International Coaching Federation - Luxembourg

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Half of today’s jobs will be obsolete by 2025 because of technology. The “human professions” like coaching and counseling, where personal contact is important, have largely been exempt from technology’s pressure, but the times are changing and a digital transformation of coaching is underway.

Studies show the return on investment of coaching, but availability is still a major issue—the vast majority of employees have no access to a coach. That’s because coaches are expensive, and “brick and mortar” coaching is time consuming and inconvenient. The future of coaching requires that we find ways to make our services radically more available, both by reducing cost and by making access easier for clients.

The most promising answer to this challenge is technology, and using technology to make our services available to anyone, anywhere in an efficient and effective way. That may be a steep challenge for a profession that has largely avoided technology other than for practice support, but it’s one that we must face.

In fact, fueled by venture capital investment, the first wave of technology-driven services in the human professions exists already. Next generation educational services like Udacity combine the best of online education with human teachers and mentors, while services like Joyable and TalkSpace provide online psychological treatment. And there are services that provide online business and career coaching.

But using technology has to mean more than just texting clients. Our challenge is to determine how these services should differ from traditional coaching in ways that take advantage of the power of technology while reducing the negative effect of the digital experience for clients. Here are the areas where we see the most promise today.


The most obvious benefit of technology is that interactions happen digitally, taking advantage of whichever communication tool is most effective for the client. Digital systems have dashboards where the coach can see all her clients and communicate with them seamlessly with whatever tool she chooses for that particular communication and client, whether text message, email, telephone or video. These platforms allow coaches easily to check in or offer encouragement, to have automatic reminders of clients to be contacted, etc. Imagine reaching each client wherever and whenever it’s best for her.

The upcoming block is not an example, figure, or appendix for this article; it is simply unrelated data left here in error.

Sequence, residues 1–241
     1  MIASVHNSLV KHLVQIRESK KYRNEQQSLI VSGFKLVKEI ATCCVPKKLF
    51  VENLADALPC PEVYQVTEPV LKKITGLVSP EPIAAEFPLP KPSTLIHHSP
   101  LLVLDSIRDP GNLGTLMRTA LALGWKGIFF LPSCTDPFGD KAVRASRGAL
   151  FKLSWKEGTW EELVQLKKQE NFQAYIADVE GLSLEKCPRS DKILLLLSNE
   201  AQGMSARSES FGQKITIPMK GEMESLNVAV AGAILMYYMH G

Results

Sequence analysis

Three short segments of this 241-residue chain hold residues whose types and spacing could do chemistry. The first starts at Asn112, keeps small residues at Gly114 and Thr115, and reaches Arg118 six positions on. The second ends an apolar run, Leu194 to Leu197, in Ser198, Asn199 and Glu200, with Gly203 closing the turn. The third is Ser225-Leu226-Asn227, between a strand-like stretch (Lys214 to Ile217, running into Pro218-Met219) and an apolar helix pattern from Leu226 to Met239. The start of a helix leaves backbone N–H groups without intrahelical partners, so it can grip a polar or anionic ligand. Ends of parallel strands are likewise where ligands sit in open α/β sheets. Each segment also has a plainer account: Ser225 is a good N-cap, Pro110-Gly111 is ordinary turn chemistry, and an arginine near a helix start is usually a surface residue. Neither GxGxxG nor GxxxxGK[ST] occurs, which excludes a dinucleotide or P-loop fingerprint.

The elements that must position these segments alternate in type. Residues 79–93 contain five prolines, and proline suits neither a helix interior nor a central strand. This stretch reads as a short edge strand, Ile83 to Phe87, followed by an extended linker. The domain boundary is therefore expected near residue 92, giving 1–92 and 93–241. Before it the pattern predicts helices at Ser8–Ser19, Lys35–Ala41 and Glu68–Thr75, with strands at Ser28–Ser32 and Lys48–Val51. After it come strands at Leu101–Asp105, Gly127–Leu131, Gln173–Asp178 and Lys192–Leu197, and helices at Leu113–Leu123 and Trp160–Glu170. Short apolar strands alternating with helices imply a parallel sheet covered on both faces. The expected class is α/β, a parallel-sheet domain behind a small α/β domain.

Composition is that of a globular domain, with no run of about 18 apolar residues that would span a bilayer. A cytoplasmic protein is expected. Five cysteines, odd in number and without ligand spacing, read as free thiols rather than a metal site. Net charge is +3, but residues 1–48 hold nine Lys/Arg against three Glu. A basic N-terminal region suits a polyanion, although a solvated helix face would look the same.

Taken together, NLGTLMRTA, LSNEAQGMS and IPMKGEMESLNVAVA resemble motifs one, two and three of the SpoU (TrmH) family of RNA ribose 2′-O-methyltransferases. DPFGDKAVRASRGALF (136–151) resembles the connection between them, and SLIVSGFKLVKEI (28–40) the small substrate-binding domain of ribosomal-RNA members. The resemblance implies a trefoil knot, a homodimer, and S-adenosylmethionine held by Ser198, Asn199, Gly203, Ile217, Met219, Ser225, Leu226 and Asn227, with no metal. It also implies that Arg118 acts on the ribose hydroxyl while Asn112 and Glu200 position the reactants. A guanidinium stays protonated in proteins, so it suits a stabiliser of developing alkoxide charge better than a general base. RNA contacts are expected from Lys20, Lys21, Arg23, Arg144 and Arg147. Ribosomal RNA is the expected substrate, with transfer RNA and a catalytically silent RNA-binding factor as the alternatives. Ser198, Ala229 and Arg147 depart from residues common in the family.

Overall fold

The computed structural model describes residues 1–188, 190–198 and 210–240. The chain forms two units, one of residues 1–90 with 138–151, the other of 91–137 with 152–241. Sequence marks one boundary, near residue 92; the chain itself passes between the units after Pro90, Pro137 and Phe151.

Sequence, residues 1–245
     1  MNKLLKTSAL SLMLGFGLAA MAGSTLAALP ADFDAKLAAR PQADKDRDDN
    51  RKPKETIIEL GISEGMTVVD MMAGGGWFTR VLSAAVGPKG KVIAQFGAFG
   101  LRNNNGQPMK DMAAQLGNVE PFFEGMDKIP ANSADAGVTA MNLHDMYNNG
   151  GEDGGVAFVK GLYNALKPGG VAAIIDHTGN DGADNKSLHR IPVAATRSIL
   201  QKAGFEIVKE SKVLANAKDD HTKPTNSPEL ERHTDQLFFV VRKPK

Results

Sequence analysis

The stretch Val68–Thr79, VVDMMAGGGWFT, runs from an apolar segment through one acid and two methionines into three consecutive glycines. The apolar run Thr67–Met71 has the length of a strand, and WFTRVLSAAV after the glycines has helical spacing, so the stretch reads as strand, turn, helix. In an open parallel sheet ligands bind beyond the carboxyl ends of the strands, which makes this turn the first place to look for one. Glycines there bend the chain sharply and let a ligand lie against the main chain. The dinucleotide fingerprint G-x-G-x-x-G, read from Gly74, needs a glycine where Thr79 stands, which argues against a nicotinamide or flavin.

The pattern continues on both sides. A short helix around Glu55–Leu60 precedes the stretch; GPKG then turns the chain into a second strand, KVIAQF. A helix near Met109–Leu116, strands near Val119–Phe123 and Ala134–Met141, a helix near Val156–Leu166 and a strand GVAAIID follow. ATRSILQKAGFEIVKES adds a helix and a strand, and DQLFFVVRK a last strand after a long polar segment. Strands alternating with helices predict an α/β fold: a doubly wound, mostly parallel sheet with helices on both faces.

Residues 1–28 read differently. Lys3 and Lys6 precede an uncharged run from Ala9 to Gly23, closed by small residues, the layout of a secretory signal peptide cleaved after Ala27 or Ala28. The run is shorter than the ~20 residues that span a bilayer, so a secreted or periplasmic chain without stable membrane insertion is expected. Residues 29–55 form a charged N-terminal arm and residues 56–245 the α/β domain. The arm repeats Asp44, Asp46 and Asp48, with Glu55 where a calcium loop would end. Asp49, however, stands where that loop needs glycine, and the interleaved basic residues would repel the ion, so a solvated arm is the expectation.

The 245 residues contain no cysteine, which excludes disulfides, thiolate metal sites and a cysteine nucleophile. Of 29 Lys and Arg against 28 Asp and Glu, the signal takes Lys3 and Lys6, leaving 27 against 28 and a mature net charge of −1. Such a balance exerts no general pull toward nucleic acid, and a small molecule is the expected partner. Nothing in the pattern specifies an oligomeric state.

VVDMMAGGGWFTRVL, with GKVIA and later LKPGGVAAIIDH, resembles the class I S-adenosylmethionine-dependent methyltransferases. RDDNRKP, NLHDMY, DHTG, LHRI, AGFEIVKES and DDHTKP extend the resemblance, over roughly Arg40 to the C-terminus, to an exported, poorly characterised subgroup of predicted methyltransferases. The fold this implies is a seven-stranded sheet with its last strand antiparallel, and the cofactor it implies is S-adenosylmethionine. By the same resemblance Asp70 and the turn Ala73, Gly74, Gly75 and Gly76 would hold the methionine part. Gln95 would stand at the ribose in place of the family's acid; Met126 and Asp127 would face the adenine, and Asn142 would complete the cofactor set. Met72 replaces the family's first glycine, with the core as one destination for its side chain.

Based on research on learning and cognitive science, and freed from the binds of the two-hour session, digital coaching can be tailored to how people learn. For example, research shows that shorter lessons and more frequent assignments to reinforce learning work better than larger blocks of teaching time and less frequent assignments. Pragmatic issues in traditional coaching push to fewer, longer coaching sessions, but that approach is not most effective for clients and is not necessary with an online platform. Online systems invite more frequent, smaller chunks of coaching; in other words, digital coaching is perfectly matched to what we now know about how people best learn and change behavior.


We have all heard of big data, and online systems collect everything, allowing us to understand better what works and what doesn’t. Through “A/B Testing,” we can experiment with coaching materials and techniques to see what is most effective. A service that allows many clients also allows large-scale data collection, which means we have the “statistical power” to identify better approaches, which is lacking for most coaching practices.


As the data in these systems grows, the “gold standard” of technology is artificial intelligence, a system that recommends materials to the coach based on information about the specific client. With large-scale data, the system can make more effective recommendations for clients than any human ever could.


Most importantly, digital services allow the human coach to focus on the things that they uniquely can provide. Research from education and career counseling shows that completely online systems do not work—the human professions need a human. Coaching will continue to need coaches. While we will not be replaced by machines, machines do allow for a much better, more efficient “blended” approach, leveraging the machine to do things where the coach does not contribute value and focusing the coach on the uniquely human part of the relationship. Fortunately, our efforts can piggyback on the research in online education, summarized in the recent MIT report “Online Education: A Catalyst for Higher Education Reforms.” The education research points to a future of coaches leveraging the benefits of online platforms, and the future of coaching will be the same.


source : ICF blog

Author : Todd Murtha 

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